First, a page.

Adjustments to recommendations put forth by the U.S Centers for Disease Control and Prevention (CDC) aren’t unexpected. In fact, they’re essential to help the public remain informed and updated on important health issues.
Since the emergence of the coronavirus pandemic, the CDC has made several changes to its COVID-19 guidelines in order to reflect the facts and trends identified in ongoing research studies.
However, the CDC’s most recent recommendation change has sparked widespread confusion, doubt, and concern.
What Do the New CDC Guidelines State?
At the end of August, the CDC updated its testing guidelines to suggest that people without symptoms no longer need to be tested for COVID-19, even if they have been in contact with others who tested positive.
“If you have been in close contact (within 6 feet) of a person with a COVID-19 infection for at least 15 minutes but do not have symptoms, you do not necessarily need a test unless you are a vulnerable individual or your health care provider or State or local public health officials recommend you take one,” read the new update.
This marks a significant change from earlier recommendations, which highly encouraged testing as a critical way to determine if any individual had been exposed to the virus.
The older archived version of the CDC’s testing guidelines stated: “Testing is recommended for all close contacts of persons with SARS-CoV-2 infection. Because of the potential for asymptomatic and pre-symptomatic transmission, it is important that contacts of individuals with SARS-CoV-2 infection be quickly identified and tested.”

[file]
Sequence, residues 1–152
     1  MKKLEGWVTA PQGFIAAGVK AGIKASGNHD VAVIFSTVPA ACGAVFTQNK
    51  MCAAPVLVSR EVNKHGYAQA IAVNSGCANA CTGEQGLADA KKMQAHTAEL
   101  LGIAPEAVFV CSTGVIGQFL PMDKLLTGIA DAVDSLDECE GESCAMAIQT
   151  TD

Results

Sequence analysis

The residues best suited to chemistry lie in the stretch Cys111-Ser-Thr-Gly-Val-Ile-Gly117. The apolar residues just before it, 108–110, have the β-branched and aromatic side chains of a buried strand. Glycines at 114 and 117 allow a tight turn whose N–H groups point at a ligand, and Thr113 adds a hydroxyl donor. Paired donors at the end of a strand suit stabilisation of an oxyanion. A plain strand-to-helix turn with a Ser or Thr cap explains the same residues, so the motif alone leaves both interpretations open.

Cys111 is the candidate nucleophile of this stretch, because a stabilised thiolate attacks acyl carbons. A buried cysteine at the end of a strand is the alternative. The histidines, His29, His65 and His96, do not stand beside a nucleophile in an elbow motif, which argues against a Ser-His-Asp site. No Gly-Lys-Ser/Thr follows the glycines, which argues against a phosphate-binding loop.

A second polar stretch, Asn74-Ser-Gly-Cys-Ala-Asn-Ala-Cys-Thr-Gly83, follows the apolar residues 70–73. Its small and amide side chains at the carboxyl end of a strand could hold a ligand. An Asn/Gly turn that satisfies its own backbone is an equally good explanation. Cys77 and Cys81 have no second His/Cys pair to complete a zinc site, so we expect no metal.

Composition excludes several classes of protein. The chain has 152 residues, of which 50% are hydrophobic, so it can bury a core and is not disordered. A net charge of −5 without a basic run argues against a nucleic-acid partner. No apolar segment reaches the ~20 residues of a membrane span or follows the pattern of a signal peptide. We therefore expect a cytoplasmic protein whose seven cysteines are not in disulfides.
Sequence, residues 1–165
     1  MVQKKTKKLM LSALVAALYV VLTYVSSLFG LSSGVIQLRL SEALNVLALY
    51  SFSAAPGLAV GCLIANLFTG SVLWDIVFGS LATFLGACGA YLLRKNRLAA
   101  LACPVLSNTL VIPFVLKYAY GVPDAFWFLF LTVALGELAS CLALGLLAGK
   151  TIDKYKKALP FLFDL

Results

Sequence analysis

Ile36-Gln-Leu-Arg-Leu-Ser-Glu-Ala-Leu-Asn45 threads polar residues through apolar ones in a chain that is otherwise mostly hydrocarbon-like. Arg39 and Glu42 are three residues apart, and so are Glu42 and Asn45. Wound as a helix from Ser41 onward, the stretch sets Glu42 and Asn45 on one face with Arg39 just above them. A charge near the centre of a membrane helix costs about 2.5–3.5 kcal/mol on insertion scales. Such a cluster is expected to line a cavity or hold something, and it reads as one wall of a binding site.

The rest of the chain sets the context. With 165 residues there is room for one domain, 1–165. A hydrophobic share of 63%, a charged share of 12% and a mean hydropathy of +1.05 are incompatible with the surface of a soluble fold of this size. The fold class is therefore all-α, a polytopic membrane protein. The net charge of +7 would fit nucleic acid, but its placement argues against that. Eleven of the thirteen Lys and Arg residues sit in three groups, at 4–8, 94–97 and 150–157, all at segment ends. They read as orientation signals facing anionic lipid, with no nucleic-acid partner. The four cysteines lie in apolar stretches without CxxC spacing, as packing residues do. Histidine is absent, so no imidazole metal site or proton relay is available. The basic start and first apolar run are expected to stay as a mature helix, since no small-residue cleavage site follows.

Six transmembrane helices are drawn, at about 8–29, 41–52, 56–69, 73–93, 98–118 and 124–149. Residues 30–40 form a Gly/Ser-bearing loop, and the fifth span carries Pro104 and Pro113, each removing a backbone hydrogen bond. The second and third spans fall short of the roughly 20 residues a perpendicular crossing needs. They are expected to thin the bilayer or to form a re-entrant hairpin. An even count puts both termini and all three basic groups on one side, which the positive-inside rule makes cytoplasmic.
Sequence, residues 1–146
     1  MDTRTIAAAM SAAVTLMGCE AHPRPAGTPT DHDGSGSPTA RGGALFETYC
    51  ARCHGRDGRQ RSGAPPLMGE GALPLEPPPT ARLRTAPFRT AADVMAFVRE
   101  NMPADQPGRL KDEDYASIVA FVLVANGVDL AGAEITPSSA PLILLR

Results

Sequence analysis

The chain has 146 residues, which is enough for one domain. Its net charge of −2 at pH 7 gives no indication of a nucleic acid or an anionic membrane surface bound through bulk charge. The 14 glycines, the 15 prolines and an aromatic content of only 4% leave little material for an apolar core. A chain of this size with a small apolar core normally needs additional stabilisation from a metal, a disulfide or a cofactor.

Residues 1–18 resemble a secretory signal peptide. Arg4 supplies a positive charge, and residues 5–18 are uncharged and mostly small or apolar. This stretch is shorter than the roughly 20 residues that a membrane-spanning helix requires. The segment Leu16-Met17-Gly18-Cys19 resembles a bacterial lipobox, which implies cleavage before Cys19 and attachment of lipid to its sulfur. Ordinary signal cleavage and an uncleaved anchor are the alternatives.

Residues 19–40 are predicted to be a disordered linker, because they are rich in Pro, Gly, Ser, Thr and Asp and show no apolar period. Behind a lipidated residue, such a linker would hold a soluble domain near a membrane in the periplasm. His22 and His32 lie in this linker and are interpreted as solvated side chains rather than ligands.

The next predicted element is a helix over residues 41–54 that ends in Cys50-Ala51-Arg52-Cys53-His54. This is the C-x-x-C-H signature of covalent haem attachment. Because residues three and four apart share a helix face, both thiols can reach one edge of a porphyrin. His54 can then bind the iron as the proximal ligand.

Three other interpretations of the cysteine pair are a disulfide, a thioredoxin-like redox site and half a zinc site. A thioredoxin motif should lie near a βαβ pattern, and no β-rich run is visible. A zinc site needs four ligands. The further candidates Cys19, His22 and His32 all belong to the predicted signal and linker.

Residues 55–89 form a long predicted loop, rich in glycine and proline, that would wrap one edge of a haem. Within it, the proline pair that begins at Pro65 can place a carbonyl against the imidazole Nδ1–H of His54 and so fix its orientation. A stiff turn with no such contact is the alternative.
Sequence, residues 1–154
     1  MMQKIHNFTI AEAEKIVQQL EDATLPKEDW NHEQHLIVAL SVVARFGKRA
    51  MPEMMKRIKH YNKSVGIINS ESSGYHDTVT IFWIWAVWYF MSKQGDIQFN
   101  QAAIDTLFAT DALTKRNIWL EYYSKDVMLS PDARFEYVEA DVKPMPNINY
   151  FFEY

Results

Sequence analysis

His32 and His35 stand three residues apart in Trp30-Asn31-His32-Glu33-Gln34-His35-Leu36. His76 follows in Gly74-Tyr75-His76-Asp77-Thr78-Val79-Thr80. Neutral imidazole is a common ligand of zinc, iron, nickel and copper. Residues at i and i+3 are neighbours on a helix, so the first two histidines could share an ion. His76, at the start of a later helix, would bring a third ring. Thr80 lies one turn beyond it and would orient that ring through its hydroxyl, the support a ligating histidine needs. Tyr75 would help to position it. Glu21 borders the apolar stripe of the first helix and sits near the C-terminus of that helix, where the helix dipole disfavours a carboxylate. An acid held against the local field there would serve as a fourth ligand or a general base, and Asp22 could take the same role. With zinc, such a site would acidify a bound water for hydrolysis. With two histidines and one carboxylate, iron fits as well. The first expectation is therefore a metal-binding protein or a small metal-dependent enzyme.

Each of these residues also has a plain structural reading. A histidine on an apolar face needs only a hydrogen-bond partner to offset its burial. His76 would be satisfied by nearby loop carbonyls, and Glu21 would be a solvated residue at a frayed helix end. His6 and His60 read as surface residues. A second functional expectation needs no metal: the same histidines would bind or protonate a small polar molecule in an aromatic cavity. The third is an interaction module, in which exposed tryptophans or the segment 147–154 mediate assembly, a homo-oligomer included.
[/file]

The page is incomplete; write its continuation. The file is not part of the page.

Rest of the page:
Dr. Fauci’s Reaction to New CDC Guidelines
Many experts, including Dr. Anthony Fauci, were surprised by the CDC’s sudden change.
“I am concerned about the interpretation of these recommendations and worried it will give people the incorrect assumption that asymptomatic spread is not of great concern,” said Fauci in response.
A spokesperson from the National Institute of Allergy and Infectious Disease, which Fauci directs, explained Fauci’s rationale more. “If people who come into close and prolonged contact with a documented case of COVID-19 become infected and are asymptomatic and are not tested and given results in a timely fashion, then asymptomatic spread to others could occur.”
Other experts have agreed. “This is potentially dangerous,” said Dr. Krutika Kuppalli, an infectious disease physician in Palo Alto, California. She worries that failing to encourage testing beyond people with obvious symptoms will mean “you’re not looking for a lot of people who are potential spreaders of disease,” she added. “I feel like this is going to make things worse.”
In response, the Department of Health and Human Services stated that, “The decision to be tested should be one made in collaboration with public health officials or your health care provider based on individual circumstances and the status of community spread.”